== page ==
Sleepy Cat Facts
As I write this blog post, I am surrounded by sleeping cats. One is in a shipping box full of crumpled up tissue on the floor of my home office. That box has been there since Christmas. Every time I make a move to recycle it, she hops in again. Another is in a fleecy cat bed on my desk. She has been there three hours now, snoozing soundly. This is not an unusual occurrence—even though it’s only noon and we all got out of bed a mere four hours ago.
If, like me, you’ve ever wondered about your cat's sleep habits, consider these facts:
1. Sleep is in their DNA. Your cat’s ancestors burned a lot of energy stalking, chasing and killing the prey they needed to survive. Sleeping helped them to conserve energy between meals. Today, even the most pampered house cat sleeps as much as 16 hours a day, and older cats often sleep even more.
2. They doze a lot. About 75 percent of the time a cat appears to be sleeping, it’s still alert enough to monitor its surroundings. You can tell that your cat is sleeping lightly if her ears rotate towards sounds and she opens her eyes a tiny bit when she senses your gaze.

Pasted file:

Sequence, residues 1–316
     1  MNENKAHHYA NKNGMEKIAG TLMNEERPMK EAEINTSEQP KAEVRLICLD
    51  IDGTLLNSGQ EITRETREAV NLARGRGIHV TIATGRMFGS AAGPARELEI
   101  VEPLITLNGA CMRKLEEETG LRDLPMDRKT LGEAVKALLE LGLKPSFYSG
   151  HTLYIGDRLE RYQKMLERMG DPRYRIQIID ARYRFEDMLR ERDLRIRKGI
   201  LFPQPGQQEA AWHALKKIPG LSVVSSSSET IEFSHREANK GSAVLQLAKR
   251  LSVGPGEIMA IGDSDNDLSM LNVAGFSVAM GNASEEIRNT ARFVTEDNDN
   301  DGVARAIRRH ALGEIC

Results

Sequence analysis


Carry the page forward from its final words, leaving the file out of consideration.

3. They dream. About 25 percent of the time your cat appears to be sleeping, he’s doing so deeply. This often involves curling up with eyes tightly closed. This deep sleep is necessary for their bodies to regenerate and stay healthy—and, like humans, they dream in the process. When your cat’s whiskers and paws twitch while he’s sleeping, he may be having a dream.
4. Sometimes they snore. While snoring is most common in breeds with short noses, like Himalayans and Persians, all cats can saw logs when they’re super relaxed. It happens when their airway becomes slightly obstructed by their soft palate—just like humans.
Do you think your cats sleep too much or too little? Do they snore, twitch or hog the bed? Tell us your tales in the comments!